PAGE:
Method: mash garlic into a paste; add yolks and whisk well until light and fluffy; add oils in a steady stream, whisking constantly; add juice and chives; adjust seasoning with sea salt and coriander; reserve chilled.
CHOCOLAT – HOT CHOCOLATE LACED WITH DARK RUM
6 oz heavy cream
12 oz whole milk
Â¼ cup salted butter
2 TBS sugar
Â½ tsp cinnamon
1/4 tsp. cayenne pepper
8 oz good bittersweet chocolate, broken into small pieces
8 oz sweetened whipped cream
2 tsp dark rum
Sprinkle of nutmeg Method: place all ingredients except chocolate into heavy bottom sauce pan; bring to simmer. Add chocolate until completely melted and absorbed. Ladle into cups; garnish as desired. Suggested size serving: 4 oz as this is very rich
To Garnish: (pick one or a couple)
1. Float whipped cream on top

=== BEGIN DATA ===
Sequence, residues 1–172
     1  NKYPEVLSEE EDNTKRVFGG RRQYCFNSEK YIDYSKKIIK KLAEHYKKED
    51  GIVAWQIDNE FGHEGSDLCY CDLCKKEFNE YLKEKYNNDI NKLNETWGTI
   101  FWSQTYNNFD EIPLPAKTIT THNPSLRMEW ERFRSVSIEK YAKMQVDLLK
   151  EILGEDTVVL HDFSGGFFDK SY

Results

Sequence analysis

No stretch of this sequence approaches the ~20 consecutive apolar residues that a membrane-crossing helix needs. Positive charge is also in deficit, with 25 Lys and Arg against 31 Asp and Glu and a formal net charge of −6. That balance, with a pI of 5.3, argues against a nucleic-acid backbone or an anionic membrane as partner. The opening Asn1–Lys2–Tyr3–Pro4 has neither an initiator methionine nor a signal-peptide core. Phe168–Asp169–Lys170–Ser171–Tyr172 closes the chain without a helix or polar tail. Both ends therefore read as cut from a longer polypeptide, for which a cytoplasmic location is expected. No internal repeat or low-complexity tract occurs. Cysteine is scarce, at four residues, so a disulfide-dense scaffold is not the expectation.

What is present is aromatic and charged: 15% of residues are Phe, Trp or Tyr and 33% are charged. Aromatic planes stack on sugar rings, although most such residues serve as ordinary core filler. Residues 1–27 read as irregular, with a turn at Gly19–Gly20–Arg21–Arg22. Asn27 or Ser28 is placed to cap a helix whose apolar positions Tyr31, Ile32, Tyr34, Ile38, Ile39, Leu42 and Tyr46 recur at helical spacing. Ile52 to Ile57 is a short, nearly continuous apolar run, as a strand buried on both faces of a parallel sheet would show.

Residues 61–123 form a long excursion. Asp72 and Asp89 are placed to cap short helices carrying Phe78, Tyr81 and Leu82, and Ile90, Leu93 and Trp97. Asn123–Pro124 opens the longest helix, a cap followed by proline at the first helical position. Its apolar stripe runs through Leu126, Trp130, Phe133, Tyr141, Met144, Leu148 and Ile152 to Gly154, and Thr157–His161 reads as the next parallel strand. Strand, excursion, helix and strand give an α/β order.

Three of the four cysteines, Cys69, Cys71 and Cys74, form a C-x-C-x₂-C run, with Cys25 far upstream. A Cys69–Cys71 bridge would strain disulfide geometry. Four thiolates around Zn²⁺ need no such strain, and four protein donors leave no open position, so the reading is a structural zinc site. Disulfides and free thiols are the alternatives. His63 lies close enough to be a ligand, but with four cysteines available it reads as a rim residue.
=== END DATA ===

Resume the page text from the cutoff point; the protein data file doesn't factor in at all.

2. Add splash of dark rum
Sprinkle of nutmeg, cocoa powder, or cinnamon.
I am struck by the number of times over the years that I have been asked to explain my style of cooking. It is not that I don’t know but rather that I struggle with putting it into words. Lenore and I promote the benefits of eating in the Mediterranean style. But that doesn’t quite describe our style of cooking because the word Mediterranean in the mainstream is frequently associated with Greek, and though we love Greek cuisine, our lifestyle, isn’t. Of course, we called ourselves EVOO after extra virgin olive oil, because it’s the oil I choose to use most of the time.
This year we have embarked on a rather daunting task that has both of us awed by the amount of preparation required. Hats off to those who have written their own cookbooks! Our publisher wants to know just what our style of cooking is, and so started another awkward attempt to put into words how we prefer to cook! In order to do it justice I found myself going back in time.